WINCHESTER AREA, SHENANDOAH VALLEY OF VIRGINIA, FEDERAL CHERRY BUREAU / CHEST OF DRAWERS, the rectangular one-board top with applied edge molding and generous rear overhang above four graduated, scratchbeaded drawers flanked by applied reeded moldings to stiles, solid ends, raised on a fully framed base attached with glueblocks to the case and featuring a serpentine cut-out skirt and modified "French" foot. Retains majority original yellow pine blocking underneath. Old ownership label to interior of upper drawer with McKown name. Yellow pine and poplar secondary woods. Fine old surface with warm color. First quarter 19th century. 38 1/2" H, 41 1/8" W, 21 1/8" D. Provenance: From a West Virginia private collection.
Headley's Auction, Winchester, VA, 2004, McKown family estate, Stephen's City, VA. Catalogue Note: This chest’s history, style, materials, and construction features all firmly align it with a small group of case pieces associated with a presently unknown cabinet shop or network of cabinet shops in the Winchester and New Market areas of the Shenandoah Valley. The skirt and more vertical foot profiles are nearly identical to a chest of drawers, a linen press, a child's chest, and a small spice/valuables chest, all in private collections, and a desk from the Houston family in the collection of The Museum of the Shenandoah Valley in Winchester, VA. Each of these pieces has a strong Winchester association and exhibits walnut as a primary wood, identical moldings and scratch-beading, distinctive, fine dovetailing to the drawers, and the characteristic framed base construction. Additionally, the discovery in 2009 by JSE & Associates of the signed James McCann desk from the Evans/McCann shop in New Market with remarkably similar style, materials, and construction, including the framed and blocked base, as well as a linen press in a private collection attributed to the same shop, adds another layer of information to that which has already been discovered about the group. Taken in total, all of this evidence points to, at the very least, a distinctive regional cabinetmaking style in the lower Shenandoah Valley marked by the construction of Hepplewhite-style case pieces on a fully framed base with modified French feet, using extensive glue-blocking to secure the frame to the dovetailed case. Research on this furniture group is ongoing.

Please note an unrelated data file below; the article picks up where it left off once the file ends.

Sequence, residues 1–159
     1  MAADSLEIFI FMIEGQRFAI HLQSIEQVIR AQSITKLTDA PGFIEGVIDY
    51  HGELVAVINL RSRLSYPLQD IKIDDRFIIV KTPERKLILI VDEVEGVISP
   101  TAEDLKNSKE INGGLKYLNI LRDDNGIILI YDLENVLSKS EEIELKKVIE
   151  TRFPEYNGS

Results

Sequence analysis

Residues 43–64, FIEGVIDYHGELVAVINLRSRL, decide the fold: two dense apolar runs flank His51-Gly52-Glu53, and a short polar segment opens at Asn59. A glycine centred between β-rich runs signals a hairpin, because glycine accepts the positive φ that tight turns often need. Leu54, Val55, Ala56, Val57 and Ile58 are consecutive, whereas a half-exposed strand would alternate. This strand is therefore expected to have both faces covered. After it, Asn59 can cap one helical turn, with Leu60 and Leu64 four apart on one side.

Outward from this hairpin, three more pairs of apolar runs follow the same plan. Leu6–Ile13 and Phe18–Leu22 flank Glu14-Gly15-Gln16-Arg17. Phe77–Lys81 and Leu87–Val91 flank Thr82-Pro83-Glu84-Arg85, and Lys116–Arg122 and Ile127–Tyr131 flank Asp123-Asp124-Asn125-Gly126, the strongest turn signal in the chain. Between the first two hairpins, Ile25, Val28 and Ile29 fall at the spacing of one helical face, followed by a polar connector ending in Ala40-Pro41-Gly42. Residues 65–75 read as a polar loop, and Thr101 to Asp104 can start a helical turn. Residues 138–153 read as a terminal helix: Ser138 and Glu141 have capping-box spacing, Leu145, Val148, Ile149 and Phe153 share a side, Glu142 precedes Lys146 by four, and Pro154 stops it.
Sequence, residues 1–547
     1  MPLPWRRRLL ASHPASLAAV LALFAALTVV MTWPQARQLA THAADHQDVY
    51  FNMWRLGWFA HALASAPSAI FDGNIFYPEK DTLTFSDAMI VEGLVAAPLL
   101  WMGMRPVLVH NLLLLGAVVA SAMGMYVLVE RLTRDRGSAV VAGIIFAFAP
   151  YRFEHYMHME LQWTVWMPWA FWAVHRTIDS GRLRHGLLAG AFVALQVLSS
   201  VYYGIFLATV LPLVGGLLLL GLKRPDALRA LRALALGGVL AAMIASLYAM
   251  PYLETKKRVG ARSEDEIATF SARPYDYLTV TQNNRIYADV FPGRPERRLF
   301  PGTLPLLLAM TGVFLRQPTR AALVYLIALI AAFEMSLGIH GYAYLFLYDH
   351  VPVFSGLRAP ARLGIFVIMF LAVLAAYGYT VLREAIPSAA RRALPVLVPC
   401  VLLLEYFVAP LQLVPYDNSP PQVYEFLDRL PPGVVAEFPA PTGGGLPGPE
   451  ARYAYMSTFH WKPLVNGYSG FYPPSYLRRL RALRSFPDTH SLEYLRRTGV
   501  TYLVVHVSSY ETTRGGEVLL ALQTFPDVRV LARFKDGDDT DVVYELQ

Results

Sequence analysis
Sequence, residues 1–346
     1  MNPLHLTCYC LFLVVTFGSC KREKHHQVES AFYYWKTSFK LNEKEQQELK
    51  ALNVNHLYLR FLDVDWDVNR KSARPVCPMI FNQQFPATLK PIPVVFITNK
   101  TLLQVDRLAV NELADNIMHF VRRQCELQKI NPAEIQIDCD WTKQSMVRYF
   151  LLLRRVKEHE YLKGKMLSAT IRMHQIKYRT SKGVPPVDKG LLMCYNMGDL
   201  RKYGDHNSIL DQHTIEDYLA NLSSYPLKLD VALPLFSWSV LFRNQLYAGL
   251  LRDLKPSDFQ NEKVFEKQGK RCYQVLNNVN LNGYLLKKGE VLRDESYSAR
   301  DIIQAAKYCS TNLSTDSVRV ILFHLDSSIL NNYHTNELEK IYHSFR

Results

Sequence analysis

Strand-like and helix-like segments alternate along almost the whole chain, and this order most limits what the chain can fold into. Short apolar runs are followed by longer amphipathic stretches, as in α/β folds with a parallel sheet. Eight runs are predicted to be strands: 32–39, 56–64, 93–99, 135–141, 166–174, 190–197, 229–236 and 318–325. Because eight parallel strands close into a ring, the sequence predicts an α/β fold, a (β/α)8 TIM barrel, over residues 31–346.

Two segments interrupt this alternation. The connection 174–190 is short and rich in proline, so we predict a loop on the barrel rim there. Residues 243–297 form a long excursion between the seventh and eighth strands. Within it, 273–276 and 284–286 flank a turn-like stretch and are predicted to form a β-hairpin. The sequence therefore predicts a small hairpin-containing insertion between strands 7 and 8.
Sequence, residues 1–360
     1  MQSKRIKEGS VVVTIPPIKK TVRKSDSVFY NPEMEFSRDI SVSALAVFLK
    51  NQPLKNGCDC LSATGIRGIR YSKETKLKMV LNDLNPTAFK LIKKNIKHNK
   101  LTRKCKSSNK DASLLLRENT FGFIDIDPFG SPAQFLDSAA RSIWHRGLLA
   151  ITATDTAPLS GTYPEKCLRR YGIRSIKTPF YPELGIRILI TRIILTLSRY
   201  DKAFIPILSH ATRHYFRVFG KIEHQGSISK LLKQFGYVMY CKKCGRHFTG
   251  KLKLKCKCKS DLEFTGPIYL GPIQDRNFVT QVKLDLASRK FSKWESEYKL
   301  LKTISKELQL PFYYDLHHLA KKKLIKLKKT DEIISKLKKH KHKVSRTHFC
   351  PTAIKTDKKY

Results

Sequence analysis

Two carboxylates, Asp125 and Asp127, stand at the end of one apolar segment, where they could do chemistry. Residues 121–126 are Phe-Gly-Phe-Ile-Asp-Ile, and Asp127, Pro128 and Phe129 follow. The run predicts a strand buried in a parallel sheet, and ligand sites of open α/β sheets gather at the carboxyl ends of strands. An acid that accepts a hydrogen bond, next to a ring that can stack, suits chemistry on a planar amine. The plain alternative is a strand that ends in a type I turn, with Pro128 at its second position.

Very good condition overall. Brasses replaced. Minor repairs to drawer frames.